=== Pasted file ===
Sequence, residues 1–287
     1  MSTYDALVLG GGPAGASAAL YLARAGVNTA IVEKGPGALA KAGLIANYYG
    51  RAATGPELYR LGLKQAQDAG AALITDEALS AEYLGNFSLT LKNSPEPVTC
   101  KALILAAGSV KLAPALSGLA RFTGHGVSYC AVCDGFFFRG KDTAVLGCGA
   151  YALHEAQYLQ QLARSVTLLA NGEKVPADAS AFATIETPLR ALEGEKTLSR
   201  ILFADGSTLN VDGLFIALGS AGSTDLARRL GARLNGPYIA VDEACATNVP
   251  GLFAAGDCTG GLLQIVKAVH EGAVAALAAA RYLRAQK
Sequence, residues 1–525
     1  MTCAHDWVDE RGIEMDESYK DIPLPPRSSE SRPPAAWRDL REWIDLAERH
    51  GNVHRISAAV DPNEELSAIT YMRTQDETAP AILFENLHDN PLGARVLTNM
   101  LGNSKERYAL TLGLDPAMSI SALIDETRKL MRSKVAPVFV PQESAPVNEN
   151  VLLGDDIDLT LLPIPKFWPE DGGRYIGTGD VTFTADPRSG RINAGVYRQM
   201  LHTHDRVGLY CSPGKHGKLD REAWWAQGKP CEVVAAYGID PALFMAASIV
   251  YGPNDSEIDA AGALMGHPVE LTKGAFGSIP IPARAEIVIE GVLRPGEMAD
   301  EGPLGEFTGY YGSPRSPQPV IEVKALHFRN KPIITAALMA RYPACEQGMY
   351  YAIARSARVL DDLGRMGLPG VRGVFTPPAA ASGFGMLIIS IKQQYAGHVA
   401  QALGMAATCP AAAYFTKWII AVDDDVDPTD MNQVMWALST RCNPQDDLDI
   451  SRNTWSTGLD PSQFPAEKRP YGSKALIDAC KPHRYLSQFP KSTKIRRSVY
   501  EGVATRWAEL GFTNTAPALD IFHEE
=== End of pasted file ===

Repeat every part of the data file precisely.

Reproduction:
Sequence, residues 1–287
     1  MSTYDALVLG GGPAGASAAL YLARAGVNTA IVEKGPGALA KAGLIANYYG
    51  RAATGPELYR LGLKQAQDAG AALITDEALS AEYLGNFSLT LKNSPEPVTC
   101  KALILAAGSV KLAPALSGLA RFTGHGVSYC AVCDGFFFRG KDTAVLGCGA
   151  YALHEAQYLQ QLARSVTLLA NGEKVPADAS AFATIETPLR ALEGEKTLSR
   201  ILFADGSTLN VDGLFIALGS AGSTDLARRL GARLNGPYIA VDEACATNVP
   251  GLFAAGDCTG GLLQIVKAVH EGAVAALAAA RYLRAQK
Sequence, residues 1–525
     1  MTCAHDWVDE RGIEMDESYK DIPLPPRSSE SRPPAAWRDL REWIDLAERH
    51  GNVHRISAAV DPNEELSAIT YMRTQDETAP AILFENLHDN PLGARVLTNM
   101  LGNSKERYAL TLGLDPAMSI SALIDETRKL MRSKVAPVFV PQESAPVNEN
   151  VLLGDDIDLT LLPIPKFWPE DGGRYIGTGD VTFTADPRSG RINAGVYRQM
   201  LHTHDRVGLY CSPGKHGKLD REAWWAQGKP CEVVAAYGID PALFMAASIV
   251  YGPNDSEIDA AGALMGHPVE LTKGAFGSIP IPARAEIVIE GVLRPGEMAD
   301  EGPLGEFTGY YGSPRSPQPV IEVKALHFRN KPIITAALMA RYPACEQGMY
   351  YAIARSARVL DDLGRMGLPG VRGVFTPPAA ASGFGMLIIS IKQQYAGHVA
   401  QALGMAATCP AAAYFTKWII AVDDDVDPTD MNQVMWALST RCNPQDDLDI
   451  SRNTWSTGLD PSQFPAEKRP YGSKALIDAC KPHRYLSQFP KSTKIRRSVY
   501  EGVATRWAEL GFTNTAPALD IFHEE